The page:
GOP GAB (copy) (copy)

Rep. Dean Knudson, R-Hudson, center, flanked by Assistant Majority Leader Dan Knodl, R-Germantown, left, and Assembly Speaker Robin Vos, R-Rochester, right, unveil their plan to split the Government Accountability Board and overhaul campaign finance law during a press conference in October 2015. The Wisconsin Democracy Campaign filed an ethics complaint against Knudson Sept. 1 for forming his own express advocacy PAC.

As part of a packed two-day agenda, the Wisconsin Assembly plans to take up a bill on Wednesday that would split the state's Government Accountability Board into two agencies run by partisan appointees. 

The proposal is speeding through the Legislature, and by the middle of last week, it was unclear exactly how many members would be appointed to the two new commissions. That and other items were clarified in an amendment approved in a committee vote on Thursday.

Here's what the confusion was all about.

The Government Accountability Board currently has six members.

Those members are all former judges, nominated by a committee of appellate judges, appointed by the governor and confirmed by two-thirds of the state Senate. Board members serve six-year terms. The board oversees state ethics, elections and campaign finance rules. It was formed in 2008, after an overwhelming bipartisan vote in 2007 to abolish the existing state ethics and elections boards and create the GAB.

The new model would go back to a two-commission model.

One would oversee elections, and the other would oversee ethics rules.  Each commission would have a bipartisan, six-member board.

Republicans backing the proposal say the current model had good intentions but has been a "failed experiment."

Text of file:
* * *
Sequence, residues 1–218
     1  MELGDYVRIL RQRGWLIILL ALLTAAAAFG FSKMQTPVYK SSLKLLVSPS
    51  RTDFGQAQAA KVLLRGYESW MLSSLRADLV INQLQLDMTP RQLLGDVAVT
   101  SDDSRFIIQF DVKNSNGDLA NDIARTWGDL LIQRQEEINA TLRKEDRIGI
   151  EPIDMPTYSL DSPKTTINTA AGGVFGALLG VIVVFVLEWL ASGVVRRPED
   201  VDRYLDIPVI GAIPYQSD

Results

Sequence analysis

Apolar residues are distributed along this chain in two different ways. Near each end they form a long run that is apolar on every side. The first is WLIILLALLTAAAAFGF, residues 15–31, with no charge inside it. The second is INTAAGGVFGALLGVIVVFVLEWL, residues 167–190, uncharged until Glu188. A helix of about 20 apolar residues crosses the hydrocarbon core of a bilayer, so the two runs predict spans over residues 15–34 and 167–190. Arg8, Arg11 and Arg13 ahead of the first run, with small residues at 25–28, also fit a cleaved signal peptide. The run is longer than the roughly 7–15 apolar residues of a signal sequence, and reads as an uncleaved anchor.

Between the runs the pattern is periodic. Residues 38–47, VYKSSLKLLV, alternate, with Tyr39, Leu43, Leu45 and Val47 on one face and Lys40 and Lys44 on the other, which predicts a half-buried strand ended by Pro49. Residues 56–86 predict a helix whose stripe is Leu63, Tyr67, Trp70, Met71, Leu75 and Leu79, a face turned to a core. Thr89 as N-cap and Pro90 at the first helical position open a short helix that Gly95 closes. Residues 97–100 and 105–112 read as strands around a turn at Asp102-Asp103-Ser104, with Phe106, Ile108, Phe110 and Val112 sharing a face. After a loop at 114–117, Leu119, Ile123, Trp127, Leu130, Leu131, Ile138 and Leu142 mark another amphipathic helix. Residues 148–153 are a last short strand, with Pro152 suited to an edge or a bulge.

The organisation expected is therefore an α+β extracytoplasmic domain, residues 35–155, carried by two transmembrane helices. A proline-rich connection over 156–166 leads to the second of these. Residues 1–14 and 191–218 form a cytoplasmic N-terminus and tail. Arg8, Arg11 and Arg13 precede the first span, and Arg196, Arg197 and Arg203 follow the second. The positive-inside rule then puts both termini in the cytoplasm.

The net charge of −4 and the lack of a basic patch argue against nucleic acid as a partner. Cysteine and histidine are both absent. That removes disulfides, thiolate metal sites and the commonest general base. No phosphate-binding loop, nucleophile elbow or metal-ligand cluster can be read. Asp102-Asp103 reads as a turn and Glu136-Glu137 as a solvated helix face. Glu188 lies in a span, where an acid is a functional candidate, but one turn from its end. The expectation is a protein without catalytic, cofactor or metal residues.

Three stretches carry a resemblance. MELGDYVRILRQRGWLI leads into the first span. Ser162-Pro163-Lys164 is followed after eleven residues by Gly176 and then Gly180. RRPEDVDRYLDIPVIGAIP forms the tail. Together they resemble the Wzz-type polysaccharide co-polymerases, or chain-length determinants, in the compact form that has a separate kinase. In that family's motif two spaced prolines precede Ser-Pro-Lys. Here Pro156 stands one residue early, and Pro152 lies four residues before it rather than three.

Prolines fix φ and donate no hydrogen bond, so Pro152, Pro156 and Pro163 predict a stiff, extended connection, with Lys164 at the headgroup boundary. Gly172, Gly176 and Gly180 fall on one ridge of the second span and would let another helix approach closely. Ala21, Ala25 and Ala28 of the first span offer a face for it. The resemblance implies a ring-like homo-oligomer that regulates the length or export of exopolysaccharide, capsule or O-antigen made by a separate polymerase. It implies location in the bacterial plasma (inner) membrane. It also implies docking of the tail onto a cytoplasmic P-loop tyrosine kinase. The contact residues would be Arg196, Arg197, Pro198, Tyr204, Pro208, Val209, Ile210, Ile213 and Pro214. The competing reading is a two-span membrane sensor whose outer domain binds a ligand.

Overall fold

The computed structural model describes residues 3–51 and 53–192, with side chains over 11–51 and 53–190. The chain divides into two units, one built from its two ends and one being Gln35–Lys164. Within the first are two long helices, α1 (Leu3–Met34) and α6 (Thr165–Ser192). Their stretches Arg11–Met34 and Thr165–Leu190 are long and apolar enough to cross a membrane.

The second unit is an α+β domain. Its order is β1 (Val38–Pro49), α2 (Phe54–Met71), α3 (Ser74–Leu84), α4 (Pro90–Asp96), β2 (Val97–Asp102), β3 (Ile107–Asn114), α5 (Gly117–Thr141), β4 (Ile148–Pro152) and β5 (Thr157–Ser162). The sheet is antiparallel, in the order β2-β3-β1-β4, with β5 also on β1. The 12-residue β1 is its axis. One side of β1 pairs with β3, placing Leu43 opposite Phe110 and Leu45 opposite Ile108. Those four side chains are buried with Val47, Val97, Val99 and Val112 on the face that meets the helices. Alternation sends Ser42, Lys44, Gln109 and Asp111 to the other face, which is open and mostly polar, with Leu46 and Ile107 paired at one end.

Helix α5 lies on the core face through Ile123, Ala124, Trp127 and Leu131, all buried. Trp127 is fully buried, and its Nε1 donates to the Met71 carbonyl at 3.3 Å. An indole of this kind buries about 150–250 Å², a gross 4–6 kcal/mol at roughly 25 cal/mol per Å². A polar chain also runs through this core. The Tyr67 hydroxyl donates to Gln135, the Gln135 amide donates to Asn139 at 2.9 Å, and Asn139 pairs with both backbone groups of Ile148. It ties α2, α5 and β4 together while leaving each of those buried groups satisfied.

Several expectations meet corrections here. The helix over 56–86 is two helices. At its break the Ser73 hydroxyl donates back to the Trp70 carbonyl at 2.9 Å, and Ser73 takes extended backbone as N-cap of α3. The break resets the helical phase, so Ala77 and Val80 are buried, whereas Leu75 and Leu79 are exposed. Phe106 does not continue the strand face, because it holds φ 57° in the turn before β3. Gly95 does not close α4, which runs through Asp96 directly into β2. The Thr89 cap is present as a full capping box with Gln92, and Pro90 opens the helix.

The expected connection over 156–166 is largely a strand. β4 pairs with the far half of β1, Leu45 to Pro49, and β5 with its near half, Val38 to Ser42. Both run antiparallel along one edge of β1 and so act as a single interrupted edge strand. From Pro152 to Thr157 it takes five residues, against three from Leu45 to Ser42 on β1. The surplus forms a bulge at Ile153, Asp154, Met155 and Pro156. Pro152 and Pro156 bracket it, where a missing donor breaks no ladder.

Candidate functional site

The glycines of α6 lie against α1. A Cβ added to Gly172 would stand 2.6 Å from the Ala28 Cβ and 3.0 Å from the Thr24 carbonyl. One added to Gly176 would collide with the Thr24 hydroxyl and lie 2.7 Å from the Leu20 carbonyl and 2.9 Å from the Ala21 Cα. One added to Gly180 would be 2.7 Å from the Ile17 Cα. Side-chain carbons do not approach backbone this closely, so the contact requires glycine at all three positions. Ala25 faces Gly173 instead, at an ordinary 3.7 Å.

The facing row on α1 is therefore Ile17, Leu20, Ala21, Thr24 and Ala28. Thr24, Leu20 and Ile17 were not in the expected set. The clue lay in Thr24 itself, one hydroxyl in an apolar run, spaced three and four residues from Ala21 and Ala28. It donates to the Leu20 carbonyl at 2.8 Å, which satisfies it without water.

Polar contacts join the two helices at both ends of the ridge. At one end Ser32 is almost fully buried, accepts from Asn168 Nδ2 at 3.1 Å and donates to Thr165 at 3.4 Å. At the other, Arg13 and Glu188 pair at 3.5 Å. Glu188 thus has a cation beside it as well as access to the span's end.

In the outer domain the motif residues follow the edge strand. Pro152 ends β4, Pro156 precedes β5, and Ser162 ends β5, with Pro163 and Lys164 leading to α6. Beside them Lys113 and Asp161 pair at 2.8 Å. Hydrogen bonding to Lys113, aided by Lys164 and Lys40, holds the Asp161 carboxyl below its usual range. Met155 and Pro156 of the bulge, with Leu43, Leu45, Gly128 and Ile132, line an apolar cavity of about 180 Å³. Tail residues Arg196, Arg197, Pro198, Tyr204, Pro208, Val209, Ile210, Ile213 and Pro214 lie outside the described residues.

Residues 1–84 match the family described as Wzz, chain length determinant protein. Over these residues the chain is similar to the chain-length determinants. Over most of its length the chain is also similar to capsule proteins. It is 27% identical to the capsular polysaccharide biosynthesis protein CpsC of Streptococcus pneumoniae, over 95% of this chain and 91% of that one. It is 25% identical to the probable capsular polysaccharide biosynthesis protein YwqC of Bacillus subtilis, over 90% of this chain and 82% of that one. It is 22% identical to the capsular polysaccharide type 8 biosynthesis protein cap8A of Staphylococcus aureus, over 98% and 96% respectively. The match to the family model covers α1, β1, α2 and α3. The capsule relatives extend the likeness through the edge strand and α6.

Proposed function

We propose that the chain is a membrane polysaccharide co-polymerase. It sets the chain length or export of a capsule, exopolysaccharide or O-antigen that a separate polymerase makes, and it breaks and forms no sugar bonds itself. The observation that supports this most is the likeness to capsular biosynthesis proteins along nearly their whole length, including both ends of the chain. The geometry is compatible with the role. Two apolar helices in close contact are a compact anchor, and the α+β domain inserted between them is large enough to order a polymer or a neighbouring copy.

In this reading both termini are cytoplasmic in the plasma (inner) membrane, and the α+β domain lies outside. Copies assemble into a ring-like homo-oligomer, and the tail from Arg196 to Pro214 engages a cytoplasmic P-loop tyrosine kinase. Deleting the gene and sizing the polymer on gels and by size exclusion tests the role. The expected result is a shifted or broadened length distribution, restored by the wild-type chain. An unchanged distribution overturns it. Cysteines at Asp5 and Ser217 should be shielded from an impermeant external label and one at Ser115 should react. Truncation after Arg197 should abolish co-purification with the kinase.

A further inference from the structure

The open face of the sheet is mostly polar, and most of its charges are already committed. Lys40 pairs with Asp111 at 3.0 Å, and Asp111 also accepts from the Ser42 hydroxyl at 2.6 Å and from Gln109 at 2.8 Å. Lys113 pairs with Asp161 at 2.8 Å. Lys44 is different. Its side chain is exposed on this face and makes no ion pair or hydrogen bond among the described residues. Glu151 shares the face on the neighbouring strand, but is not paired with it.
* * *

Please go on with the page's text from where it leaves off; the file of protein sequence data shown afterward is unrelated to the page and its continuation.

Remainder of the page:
It took some work to get the bill's language to reflect the author's stated intent.

Rep. Dean Knudson, R-Hudson, said when he introduced the bill last week that the six-member boards would be evenly split between Republicans and Democrats. 

But initially, the language in the bill wouldn't have accomplished that, because it was missing a requirement for the governor to pick one nominee from each party. That was fixed before the bill was formally introduced.

Still, the bill's language wasn't completely clear. Although it was intended to six appointees to each board, it appeared there would actually be eight members due to a provision allowing the state Democratic and Republican parties to each fill a slot.

"Republicans are rushing through this bill so fast that they don’t even seem to know how many people are on this board," a spokeswoman for Assembly Minority Leader Peter Barca, D-Kenosha, said in an email to reporters on Wednesday.

Knudson cleared those points and others up in an amendment approved in a committee vote on Thursday.

Knudson's amendment specifies that each board will be composed of six members. It also establishes that the chair of each commission would switch between parties every two years, and enables commissioners to start their term before they are confirmed by the state Senate. 

Here's how the elections commissioners would be selected:

  • One member appointed by the Senate majority leader
  • One member appointed by the Senate minority leader
  • One member appointed by the Assembly speaker
  • One member appointed by the Assembly minority leader
  • Two former municipal or county clerks, one from each political party. Legislative leadership in both parties will prepare a list of three nominees each. The governor will choose one from each list.

Here's how the ethics commissioners would be selected:

  • One member appointed by the Senate majority leader
  • One member appointed by the Senate minority leader
  • One member appointed by the Assembly speaker
  • One member appointed by the Assembly minority leader
  • One member representing each major political party. Legislative leadership in both parties will prepare a list of three nominees each. The governor will choose one from each list.

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Jessie Opoien is the Capital Times' opinion editor. She joined the Cap Times in 2013, covering state government and politics for the bulk of her time as a reporter. She has also covered music, culture and education in Madison and Oshkosh.